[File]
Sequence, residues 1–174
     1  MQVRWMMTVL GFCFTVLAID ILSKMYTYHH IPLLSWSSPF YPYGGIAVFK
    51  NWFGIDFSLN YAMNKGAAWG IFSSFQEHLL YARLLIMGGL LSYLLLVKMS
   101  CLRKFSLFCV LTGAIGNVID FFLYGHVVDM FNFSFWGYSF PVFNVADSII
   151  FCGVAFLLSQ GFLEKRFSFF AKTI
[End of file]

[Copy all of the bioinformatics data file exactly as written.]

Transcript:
Sequence, residues 1–174
     1  MQVRWMMTVL GFCFTVLAID ILSKMYTYHH IPLLSWSSPF YPYGGIAVFK
    51  NWFGIDFSLN YAMNKGAAWG IFSSFQEHLL YARLLIMGGL LSYLLLVKMS
   101  CLRKFSLFCV LTGAIGNVID FFLYGHVVDM FNFSFWGYSF PVFNVADSII
   151  FCGVAFLLSQ GFLEKRFSFF AKTI